Emergency in ordinary parlance means a time of crisis, a moment of danger or suspense. A state of emergency therefore is a governmental declaration that recognises the existence of this peculiar situation and takes some necessary actions to restore the peace and governmental stability of the society. During this period, the maxim, salus populi suprema lex has a special force and to that effect, some normal functions of the executive, legislative and judicial powers may be suspended. Citizens are alerted to change their normal behaviours, or government agencies are ordered to implement emergency preparedness plans. It can also be used as a rationale for suspending rights and freedoms, even if guaranteed under the constitution. Such declarations usually come during a time of natural or man-made disaster, during periods of civil unrest, or following a declaration of war or situation of international or internal armed conflict.
In Nigeria, the constitution provides for the declaration of a state of emergency by the President alone on the whole country or in a state, on request by the State Governor, in the following instances:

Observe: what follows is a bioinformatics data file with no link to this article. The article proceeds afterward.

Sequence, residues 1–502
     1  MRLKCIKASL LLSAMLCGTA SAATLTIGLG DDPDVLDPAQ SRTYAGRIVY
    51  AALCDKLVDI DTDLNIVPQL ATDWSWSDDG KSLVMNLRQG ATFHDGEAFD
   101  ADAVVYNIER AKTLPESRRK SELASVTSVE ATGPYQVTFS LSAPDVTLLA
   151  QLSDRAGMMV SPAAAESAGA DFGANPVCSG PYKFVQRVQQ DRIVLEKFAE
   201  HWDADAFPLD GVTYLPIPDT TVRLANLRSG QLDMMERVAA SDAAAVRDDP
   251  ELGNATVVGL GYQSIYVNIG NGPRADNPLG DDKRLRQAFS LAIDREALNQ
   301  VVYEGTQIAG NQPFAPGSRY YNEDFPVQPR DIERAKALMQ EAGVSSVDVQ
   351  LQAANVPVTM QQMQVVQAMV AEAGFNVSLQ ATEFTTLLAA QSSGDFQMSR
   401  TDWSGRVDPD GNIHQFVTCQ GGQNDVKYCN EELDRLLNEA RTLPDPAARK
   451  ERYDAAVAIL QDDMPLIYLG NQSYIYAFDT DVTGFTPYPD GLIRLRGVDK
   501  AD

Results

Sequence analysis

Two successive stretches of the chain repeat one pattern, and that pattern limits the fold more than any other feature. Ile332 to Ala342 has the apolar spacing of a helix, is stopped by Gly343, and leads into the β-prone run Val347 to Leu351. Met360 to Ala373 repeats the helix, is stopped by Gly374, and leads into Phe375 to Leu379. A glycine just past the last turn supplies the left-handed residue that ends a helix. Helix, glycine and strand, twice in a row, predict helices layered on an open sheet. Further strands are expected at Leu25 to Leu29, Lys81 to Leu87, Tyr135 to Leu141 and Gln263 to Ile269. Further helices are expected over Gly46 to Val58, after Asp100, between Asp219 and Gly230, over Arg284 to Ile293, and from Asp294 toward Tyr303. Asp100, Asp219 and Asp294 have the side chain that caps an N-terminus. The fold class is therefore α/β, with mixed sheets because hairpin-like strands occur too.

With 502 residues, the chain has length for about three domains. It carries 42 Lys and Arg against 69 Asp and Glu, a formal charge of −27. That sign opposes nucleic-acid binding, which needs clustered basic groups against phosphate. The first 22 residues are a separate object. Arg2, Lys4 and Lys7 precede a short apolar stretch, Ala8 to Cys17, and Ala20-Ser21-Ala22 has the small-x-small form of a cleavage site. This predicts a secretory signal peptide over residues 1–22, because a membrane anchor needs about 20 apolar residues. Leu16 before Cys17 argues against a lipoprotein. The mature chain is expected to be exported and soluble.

a. when the Federation is at war;
b. when the Federation is in imminent danger of invasion or involvement in a state of war;
c. when there is actual breakdown of public order and public safety in the Federation or any part thereof to such extent as to require extraordinary measures to restore peace and security;
d. there is a clear and present danger of an actual breakdown of public safety in the Federation or any part thereof requiring extraordinary measures to avert such danger;
e. there is an occurrence or imminent danger, or the occurrence of any disaster or natural calamity, affecting the community or a section of the community in the Federation;
f. there is any other public danger which clearly constitutes a threat to the existence of the Federation; or
g. the President receives a request to do... [continues]
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